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Suez and Sterling, 1956


  • Klug, Adam
  • Smith, Gregor W.


Daily data on spot and forward dollar/sterling exchange rates and on Britain's foreign exchange reserves are used to reassess the financial history of the 1956 Suez crisis. We find that support of sterling at its Bretton Woods lower bound lost credibility as early as July. Reserve losses also are consistent with an exchange rate crisis. We provide the first econometric study of foreign exchange market intervention in the pre-convertibility phase of the Bretton Woods system. The Bank of England's interventions reacted strongly both to official sterling and to the transferable sterling market in New York, which suggests that convertibility was a central goal of policy.
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  • Klug, Adam & Smith, Gregor W., 1999. "Suez and Sterling, 1956," Explorations in Economic History, Elsevier, vol. 36(3), pages 181-203, July.
  • Handle: RePEc:eee:exehis:v:36:y:1999:i:3:p:181-203

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    References listed on IDEAS

    1. Lars E. O. Svensson, 1991. "The Simplest Test of Target Zone Credibility," IMF Staff Papers, Palgrave Macmillan, vol. 38(3), pages 655-665, September.
    2. Eijffinger, S.C.W. & Gruijters, A.P.D., 1989. "On the short term objectives of daily intervention by the Deutsche Bundesbank and the federal reserve system in the U.S. Dollar-Deutsche Mark exchange market," Research Memorandum FEW 393, Tilburg University, School of Economics and Management.
    3. Maurice Obstfeld & Alan M. Taylor, 1998. "The Great Depression as a Watershed: International Capital Mobility over the Long Run," NBER Chapters,in: The Defining Moment: The Great Depression and the American Economy in the Twentieth Century, pages 353-402 National Bureau of Economic Research, Inc.
    4. Almekinders, Geert J. & Eijffinger, Sylvester C. W., 1996. "A friction model of daily Bundesbank and Federal Reserve intervention," Journal of Banking & Finance, Elsevier, vol. 20(8), pages 1365-1380, September.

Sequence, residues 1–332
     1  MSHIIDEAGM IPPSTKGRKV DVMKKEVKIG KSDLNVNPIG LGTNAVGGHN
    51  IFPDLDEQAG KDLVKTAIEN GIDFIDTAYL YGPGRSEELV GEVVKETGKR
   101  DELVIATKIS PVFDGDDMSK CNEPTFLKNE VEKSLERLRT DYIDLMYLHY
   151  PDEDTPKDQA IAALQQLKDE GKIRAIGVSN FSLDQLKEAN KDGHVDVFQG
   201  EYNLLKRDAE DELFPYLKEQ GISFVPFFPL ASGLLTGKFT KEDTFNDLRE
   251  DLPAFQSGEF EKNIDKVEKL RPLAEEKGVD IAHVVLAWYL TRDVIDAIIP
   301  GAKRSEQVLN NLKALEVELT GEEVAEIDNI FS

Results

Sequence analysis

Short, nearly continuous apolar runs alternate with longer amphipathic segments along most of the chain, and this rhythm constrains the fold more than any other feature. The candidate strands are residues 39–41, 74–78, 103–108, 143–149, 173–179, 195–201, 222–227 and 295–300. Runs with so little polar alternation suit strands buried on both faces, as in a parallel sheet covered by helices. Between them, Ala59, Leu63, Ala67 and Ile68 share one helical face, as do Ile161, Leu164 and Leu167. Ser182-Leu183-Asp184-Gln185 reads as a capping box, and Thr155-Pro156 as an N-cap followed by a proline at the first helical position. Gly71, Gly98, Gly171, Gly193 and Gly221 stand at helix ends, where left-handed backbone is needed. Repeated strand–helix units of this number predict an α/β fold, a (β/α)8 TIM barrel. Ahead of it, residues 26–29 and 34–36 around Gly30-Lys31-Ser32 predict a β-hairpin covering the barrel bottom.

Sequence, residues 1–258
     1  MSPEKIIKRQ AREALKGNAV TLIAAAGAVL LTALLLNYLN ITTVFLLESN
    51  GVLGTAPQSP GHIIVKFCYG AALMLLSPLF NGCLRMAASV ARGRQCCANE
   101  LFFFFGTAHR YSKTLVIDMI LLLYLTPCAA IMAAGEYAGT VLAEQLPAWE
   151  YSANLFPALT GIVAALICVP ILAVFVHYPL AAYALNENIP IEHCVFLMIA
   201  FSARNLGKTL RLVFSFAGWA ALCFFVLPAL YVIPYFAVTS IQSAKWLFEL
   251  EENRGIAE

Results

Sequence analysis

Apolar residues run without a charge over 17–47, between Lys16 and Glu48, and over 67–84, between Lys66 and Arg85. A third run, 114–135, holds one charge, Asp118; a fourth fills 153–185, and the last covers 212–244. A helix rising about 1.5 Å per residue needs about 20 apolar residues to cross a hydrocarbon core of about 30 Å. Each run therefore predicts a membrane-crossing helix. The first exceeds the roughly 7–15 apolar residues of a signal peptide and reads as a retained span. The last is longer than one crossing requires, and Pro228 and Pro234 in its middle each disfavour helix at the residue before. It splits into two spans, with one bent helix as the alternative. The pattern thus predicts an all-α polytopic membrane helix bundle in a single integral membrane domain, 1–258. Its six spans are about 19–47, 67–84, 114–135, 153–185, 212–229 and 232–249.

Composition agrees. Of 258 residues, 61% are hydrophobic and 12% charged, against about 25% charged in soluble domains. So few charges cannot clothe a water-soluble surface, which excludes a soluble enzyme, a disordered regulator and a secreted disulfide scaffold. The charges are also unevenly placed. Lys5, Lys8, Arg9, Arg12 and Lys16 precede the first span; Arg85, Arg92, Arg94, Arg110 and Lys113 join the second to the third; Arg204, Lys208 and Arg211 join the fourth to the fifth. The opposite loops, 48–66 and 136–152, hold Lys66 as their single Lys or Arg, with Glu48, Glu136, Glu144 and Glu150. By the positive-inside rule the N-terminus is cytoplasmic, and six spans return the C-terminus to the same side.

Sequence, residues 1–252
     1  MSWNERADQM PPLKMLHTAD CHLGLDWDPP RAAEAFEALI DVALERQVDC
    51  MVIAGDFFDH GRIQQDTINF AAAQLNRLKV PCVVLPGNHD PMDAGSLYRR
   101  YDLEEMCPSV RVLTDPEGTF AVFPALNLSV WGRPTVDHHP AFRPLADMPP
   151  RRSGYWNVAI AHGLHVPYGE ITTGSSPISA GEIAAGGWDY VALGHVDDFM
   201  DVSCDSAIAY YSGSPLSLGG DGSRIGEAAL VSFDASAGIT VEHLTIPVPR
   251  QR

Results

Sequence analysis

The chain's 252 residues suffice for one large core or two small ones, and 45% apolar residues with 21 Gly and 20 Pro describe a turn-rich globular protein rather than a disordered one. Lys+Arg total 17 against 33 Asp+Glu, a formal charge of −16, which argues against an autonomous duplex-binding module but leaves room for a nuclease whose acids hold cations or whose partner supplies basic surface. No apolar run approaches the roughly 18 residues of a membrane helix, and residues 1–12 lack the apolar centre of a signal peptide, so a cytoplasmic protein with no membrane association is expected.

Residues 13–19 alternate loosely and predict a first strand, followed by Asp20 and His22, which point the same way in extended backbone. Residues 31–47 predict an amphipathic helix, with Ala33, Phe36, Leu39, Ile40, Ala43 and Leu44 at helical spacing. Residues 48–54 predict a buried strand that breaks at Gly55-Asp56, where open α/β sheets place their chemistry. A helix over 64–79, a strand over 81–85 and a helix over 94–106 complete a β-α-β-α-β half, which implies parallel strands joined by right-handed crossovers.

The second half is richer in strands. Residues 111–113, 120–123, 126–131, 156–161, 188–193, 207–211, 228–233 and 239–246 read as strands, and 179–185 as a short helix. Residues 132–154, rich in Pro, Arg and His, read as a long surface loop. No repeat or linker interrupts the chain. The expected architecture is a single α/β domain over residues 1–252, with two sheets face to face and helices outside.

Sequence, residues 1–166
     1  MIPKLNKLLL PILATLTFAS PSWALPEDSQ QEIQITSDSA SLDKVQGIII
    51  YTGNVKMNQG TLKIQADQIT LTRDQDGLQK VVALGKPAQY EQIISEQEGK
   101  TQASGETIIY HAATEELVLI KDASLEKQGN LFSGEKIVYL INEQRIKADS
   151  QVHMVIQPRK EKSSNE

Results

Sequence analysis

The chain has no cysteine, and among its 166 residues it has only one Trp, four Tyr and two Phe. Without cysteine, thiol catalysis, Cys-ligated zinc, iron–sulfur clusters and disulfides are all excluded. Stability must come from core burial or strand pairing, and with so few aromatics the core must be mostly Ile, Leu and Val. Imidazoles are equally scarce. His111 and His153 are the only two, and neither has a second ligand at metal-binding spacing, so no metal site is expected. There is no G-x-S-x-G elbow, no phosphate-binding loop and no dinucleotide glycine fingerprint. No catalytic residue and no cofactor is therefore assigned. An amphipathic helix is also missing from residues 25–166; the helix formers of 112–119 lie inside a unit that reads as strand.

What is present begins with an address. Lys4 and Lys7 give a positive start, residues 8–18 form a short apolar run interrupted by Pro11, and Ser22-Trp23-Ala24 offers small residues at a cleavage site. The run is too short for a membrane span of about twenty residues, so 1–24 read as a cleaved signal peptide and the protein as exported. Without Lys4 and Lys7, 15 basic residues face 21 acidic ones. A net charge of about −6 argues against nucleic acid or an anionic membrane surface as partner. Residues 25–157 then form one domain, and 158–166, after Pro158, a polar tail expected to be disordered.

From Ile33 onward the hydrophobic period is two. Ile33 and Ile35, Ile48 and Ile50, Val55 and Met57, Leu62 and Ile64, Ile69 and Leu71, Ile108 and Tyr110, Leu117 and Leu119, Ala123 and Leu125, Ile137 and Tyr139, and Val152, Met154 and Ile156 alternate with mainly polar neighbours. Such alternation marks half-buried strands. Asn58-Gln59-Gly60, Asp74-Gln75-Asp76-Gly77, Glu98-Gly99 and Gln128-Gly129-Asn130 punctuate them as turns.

5. Garber, Peter M. & Svensson, Lars E.O., 1995. "The operation and collapse of fixed exchange rate regimes," Handbook of International Economics,in: G. M. Grossman & K. Rogoff (ed.), Handbook of International Economics, edition 1, volume 3, chapter 36, pages 1865-1911 Elsevier.
    6. Alberto Giovannini, 1993. "Bretton Woods and Its Precursors: Rules versus Discretion in the History of International Monetary Regimes," NBER Chapters,in: A Retrospective on the Bretton Woods System: Lessons for International Monetary Reform, pages 109-154 National Bureau of Economic Research, Inc.
    7. Maurice Obstfeld, 1993. "The Adjustment Mechanism," NBER Chapters,in: A Retrospective on the Bretton Woods System: Lessons for International Monetary Reform, pages 201-268 National Bureau of Economic Research, Inc.
    8. Michael Bordo & Anna Schwartz, 1996. "Why clashes between internal and external stability goals end in currency crises, 1797–1994," Open Economies Review, Springer, vol. 7(1), pages 437-468, March.
    9. Catherine R. Schenk, 1994. "Closing the Hong Kong Gap: the Hong Kong free dollar market in the 1950s," Economic History Review, Economic History Society, vol. 47(2), pages 335-353, May.
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    Cited by:

    1. Bordo, Michael D. & Macdonald, Ronald & Oliver, Michael J., 2009. "Sterling in crisis, 1964–1967," European Review of Economic History, Cambridge University Press, vol. 13(03), pages 437-459, December.

    More about this item

    JEL classification:

    • F31 - International Economics - - International Finance - - - Foreign Exchange
    • N24 - Economic History - - Financial Markets and Institutions - - - Europe: 1913-


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